Jesse is a cofounder of SportsAlcohol.com even though he doesn't care for sports or alcohol. His favorite movie is Ron Howard's The Paper. I think. This is what happens when you don't write your own bio. I know for sure likes pie.

The recent movie Shadow in the Cloud sounds like it could be one of those occasional January miracles: an efficient, unpretentious genre mish-mash executed with no-fuss brawn and style. It’s about Maude Garrett (Chloe Grace Moretz), a WWII flight officer who hitches a last-minute ride on a bomber, where she is beset by sexism, then Japanese fighter planes, then gremlins. Shadow is so theoretically January-tastic that it dropped on the very first of the year, a rare release date made more feasible by the global pandemic, which has sent the film to first-run VOD as well as a few theaters simultaneously.

The hybrid release model is unusually appropriate for this movie; for its entire 83 minutes (or rather, for the 75 minutes it actually runs minus credits), it straddles the line between unusually ambitious, well-made trash and the chintzy direct-to-video garbage of old. The movie even provides its own convenient delineation: there’s the sizable chunk of the story confined to Maude’s cramped stay in the plane’s ball turret, communicating with her mostly-offscreen co-stars via radio, versus the mayhem-heavier sequences where she exits the ball turret to fight off those human-sized beasties. The filmmakers seem torn over whether its low-budget ridiculousness should be elegantly elided, or powered through with smash-and-grab energy.
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Liam Neeson Cosplays Late-Late-Period Clint Eastwood in THE MARKSMAN

Jesse is a cofounder of SportsAlcohol.com even though he doesn't care for sports or alcohol. His favorite movie is Ron Howard's The Paper. I think. This is what happens when you don't write your own bio. I know for sure likes pie.

There is no shortage of Clint Eastwood. He may not star in movies as regularly anymore, but his late-late-period career has featured so many roles that seemed like de facto retirement ceremonies that Gran Torino, Trouble with the Curve, and The Mule feel closer together than they are, spread out over the course of a decade. He has at least one more starring role to go; his movie Cry Macho is due out by the end of 2021. By then, he will be 91. The Mule, his last not-quite-last movie made $100 million in the United States. He is easily the most popular eighty-and-ninetysomething actor and director in Hollywood history.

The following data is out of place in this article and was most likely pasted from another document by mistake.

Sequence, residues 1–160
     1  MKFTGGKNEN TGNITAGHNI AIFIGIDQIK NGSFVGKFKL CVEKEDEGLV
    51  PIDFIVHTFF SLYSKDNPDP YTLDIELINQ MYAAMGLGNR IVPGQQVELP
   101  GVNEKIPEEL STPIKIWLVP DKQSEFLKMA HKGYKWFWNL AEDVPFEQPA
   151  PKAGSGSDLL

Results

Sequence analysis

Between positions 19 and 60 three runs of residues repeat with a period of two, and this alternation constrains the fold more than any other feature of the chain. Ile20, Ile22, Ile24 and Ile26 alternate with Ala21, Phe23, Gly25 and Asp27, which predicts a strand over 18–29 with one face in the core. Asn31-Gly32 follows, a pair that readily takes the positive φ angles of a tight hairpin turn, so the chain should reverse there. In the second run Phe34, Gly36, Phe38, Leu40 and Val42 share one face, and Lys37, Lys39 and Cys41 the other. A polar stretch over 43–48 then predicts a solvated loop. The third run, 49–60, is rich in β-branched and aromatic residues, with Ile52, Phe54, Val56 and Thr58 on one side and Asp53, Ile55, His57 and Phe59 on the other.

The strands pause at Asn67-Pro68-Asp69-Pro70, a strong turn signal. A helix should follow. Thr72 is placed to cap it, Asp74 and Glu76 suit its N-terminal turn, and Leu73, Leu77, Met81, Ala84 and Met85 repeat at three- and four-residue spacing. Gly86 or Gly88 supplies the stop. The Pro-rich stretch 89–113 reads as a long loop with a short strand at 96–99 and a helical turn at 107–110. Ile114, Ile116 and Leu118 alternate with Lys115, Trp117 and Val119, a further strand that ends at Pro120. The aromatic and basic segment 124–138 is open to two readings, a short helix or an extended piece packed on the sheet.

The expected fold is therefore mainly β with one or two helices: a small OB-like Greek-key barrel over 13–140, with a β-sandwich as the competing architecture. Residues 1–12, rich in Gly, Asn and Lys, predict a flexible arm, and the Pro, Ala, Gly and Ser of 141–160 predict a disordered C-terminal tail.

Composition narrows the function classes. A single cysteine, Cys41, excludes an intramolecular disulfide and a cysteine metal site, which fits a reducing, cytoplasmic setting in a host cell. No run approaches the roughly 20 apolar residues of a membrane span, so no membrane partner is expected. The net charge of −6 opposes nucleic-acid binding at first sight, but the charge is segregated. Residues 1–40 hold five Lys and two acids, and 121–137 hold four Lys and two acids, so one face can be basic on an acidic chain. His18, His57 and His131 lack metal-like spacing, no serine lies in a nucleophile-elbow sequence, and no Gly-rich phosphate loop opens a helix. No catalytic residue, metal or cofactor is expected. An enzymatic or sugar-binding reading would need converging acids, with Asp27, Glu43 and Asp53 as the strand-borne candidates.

Yet at some point, very likely in the next five to ten years, Clint Eastwood will no longer make movies. (This is not a prediction of his death, mind. If it’s easy to picture any movie star making it to 110, it’s Clint.) He will leave behind the perception that a certain segment of the moviegoing public really enjoys seeing middle-to-advanced-aged men put younger bad guys in their place. 2009’s Taken, starring Liam Neeson, is generally considered to have kicked off the modern strain of old-man-vengeance thrillers, but Eastwood was there a few weeks earlier with 2008’s Grand Torino, just as big a hit with an even older protagonist. (Neeson was a spry 57 when Taken came out, compared with Eastwood’s 79 at the same time.)
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Modern Men: HONEST THIEF and SHITHOUSE

Jesse is a cofounder of SportsAlcohol.com even though he doesn't care for sports or alcohol. His favorite movie is Ron Howard's The Paper. I think. This is what happens when you don't write your own bio. I know for sure likes pie.

I have to get this out of the way: I have no idea why Shithouse is titled Shithouse. I mean, technically I know: The title refers to some kind of frat or residence house on or near a Los Angeles college campus where the movie’s two main characters don’t quite meet. It’s the kind of place where, when Alex (Cooper Raiff) asks about where to find a party on a Friday night, and his asshole roommate Sam (Logan Miller) tells him the big one is at Shithouse, Alex asks if there are any other parties available. There are not. 

Alex is not the kind of guy who particularly wants to go to a place called Shithouse and he’s not the type of guy who would name a movie Shithouse. (This apparently sets him apart from the actor playing him, who wrote and directed the film and likely had at least some input on the title.) Maybe that’s the point, in a movie about Alex trying to get out of both his comfort zone and his freshman-year loneliness (turns out, they may be the same thing). But it’s still a strange gesture for the movie to make, if only because it portends a different, more aggressive and maybe dirtbaggy brand of campus comedy, and Shithouse is one of the most sensitive renderings of college insecurity I’ve ever seen.